Minnesota readies Ebola monitoring for travelers from W. Africa

Passengers mingle at JFK
Passengers mingle in the arrivals area at John F. Kennedy International Airport in New York, Saturday, Oct. 11, 2014.
Craig Ruttle / AP

The Minnesota Department of Health will soon begin monitoring all travelers from Ebola-affected countries.

The roughly 10 people per week who return here from Liberia, Sierra Leone and Guinea will be contacted and monitored for 21 days, the incubation period for Ebola.

It will be part of a larger program unveiled Wednesday by the federal Centers for Disease Control and Prevention that starts Monday for travelers arriving in New York, New Jersey, Maryland, Virginia, Pennsylvania and Georgia.

It's not clear yet when Minnesota's program will start, but the CDC process will be extended to all states eventually and officials here are preparing.

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Minnesota officials will receive contact information and follow up with all travelers arriving here from those three nations, said Kris Ehresmann, the health department's infectious diseases director.

Once monitoring begins, health officials will be in daily contact with travelers for the 21 days.

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Here are more details about how the monitoring will work:

How will health officials monitor these travelers?

When travelers from Ebola-affected countries arrive in the U.S., they will be given a package of materials called a "CARE kit."

It will contain a thermometer so that they can take their temperature twice a day and report it. The kit will also have information about Ebola symptoms and a contact card, so they know where to call to report any possible symptoms.

When the travelers arrive in Minnesota, they will be contacted by either the state or local health department. They'll be asked how they're feeling and whether they are experiencing any symptoms that might be consistent with Ebola.

Assuming that they're not, they'll be told to call again the next day and each day thereafter for 21 days — that's the longest time that Ebola could incubate within a person.

What if they don't call the local health department when they arrive in Minnesota?

Minnesota health authorities will receive a list of the travelers coming to the state from these countries. They'll also receive their contact information, including where they will be staying.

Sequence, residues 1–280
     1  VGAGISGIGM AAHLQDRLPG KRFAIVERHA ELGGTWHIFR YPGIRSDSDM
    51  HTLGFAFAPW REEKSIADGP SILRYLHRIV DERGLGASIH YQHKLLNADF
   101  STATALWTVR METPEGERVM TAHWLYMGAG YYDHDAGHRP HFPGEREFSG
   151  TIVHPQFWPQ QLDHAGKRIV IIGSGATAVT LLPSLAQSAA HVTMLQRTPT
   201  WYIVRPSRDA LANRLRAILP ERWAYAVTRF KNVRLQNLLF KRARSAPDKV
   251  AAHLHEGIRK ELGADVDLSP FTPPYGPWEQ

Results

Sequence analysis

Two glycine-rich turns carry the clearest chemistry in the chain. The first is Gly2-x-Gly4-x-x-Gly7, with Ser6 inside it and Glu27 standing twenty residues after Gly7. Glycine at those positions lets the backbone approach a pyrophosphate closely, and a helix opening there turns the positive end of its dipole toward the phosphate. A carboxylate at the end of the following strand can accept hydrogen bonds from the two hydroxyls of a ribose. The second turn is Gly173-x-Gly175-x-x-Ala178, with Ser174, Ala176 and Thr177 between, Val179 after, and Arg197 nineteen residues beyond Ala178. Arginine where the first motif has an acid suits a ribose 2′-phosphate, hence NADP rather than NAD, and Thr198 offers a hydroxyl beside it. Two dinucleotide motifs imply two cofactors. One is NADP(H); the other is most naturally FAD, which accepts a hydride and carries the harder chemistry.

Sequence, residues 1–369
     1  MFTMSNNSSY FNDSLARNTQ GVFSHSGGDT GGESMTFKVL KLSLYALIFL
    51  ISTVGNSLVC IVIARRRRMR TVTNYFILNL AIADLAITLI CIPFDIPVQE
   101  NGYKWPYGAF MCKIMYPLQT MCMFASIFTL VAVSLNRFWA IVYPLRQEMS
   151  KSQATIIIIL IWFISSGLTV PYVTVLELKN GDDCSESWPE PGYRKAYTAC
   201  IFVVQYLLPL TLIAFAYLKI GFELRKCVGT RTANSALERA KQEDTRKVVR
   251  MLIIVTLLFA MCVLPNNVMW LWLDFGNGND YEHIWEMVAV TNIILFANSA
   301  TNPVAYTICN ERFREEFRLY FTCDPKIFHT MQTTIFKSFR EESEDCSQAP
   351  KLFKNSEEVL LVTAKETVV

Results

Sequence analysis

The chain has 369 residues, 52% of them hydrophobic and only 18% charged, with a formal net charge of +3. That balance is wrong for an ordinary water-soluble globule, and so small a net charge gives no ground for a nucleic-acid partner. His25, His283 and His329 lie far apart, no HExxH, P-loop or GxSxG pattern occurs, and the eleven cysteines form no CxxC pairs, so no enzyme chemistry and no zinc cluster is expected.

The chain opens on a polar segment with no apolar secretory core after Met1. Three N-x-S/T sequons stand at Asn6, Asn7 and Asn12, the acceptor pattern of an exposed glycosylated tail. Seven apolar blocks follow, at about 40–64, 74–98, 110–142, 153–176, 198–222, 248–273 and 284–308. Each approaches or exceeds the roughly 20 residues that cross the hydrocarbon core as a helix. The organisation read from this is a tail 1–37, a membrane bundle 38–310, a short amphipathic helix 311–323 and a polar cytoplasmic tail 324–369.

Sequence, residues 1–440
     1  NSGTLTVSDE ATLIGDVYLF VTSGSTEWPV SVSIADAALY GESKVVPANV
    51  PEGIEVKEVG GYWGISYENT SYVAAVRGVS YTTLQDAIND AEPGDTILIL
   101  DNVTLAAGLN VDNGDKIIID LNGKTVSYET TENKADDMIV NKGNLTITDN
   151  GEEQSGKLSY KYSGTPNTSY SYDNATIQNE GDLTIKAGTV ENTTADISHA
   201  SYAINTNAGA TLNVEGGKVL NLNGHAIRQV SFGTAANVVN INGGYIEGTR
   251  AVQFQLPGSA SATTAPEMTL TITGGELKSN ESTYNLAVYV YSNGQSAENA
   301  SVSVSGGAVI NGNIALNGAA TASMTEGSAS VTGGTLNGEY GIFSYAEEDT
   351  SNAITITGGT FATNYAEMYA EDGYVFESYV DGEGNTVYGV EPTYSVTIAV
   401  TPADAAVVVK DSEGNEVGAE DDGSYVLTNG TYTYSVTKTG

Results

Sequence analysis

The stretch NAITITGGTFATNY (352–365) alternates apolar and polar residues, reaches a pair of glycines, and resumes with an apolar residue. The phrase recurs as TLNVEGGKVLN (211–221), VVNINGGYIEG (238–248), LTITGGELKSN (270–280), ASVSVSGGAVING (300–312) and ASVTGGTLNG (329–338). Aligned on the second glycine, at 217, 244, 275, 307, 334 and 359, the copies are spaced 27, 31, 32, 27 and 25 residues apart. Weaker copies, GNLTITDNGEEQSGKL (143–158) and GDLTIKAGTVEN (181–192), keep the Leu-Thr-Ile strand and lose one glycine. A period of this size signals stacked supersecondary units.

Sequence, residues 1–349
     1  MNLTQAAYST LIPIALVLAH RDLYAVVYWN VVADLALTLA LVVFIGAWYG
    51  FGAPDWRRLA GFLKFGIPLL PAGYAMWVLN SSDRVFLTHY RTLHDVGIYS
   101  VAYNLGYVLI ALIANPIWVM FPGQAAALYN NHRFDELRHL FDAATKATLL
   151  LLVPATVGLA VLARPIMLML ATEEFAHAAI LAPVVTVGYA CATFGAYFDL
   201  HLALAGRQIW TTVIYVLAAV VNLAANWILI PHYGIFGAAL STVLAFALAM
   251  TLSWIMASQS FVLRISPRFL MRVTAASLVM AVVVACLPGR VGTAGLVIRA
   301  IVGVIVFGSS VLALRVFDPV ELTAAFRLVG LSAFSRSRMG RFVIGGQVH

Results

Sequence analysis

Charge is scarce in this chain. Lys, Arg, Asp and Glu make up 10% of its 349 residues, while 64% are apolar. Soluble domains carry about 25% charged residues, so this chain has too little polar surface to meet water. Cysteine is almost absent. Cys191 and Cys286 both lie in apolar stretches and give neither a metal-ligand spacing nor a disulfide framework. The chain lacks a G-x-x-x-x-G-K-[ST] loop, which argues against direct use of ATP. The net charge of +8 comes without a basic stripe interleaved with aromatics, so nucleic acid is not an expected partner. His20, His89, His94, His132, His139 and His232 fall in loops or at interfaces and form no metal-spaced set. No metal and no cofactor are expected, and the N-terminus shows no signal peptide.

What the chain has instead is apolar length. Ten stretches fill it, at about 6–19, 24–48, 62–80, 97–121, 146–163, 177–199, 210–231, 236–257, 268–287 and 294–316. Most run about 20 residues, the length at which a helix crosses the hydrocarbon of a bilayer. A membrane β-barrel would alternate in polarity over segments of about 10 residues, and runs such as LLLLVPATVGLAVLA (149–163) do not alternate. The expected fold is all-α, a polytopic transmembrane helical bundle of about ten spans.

The state health department says it will probably make the initial contact with a traveler. Local health departments may follow up, depending on where the person is staying.

What if the traveler is only spending part of their visit in Minnesota?

The health department is still trying to figure out what that would mean.

Presumably, the agency would be able to hand off the traveler's monitoring to another state. But it's not clear yet how that will work.

What is clear is that someone has to monitor the traveler for 21 days, no matter where they go.

How does this help the health department?

Currently, the department doesn't know anything about travelers who may be at risk of carrying Ebola, so they can't influence the transportation a person uses to get to the hospital if they develop symptoms. They also can't advise them on which hospital to go to and they can't let the hospital know they're coming.

Under this plan, the health department could call ahead and make sure that health workers were prepared to deal with a possible Ebola case.

Alexander Collins, executive director of the Liberian Ministers Association of Minnesota, says West Africans in Minnesota want to go a step further and set up dedicated "safe houses" or "quarantine houses" so arriving visitors have a place to stay during the three-week monitoring period.

"Because family members are not open, some are not open, to taking people in, because of the stigma," Collins said. "They've got school kids in the house. If something happens, it's going to affect all of us."

Collins hopes state officials will work with the West African community to establish safe houses.

MPR News' Annie Baxter contributed to this report.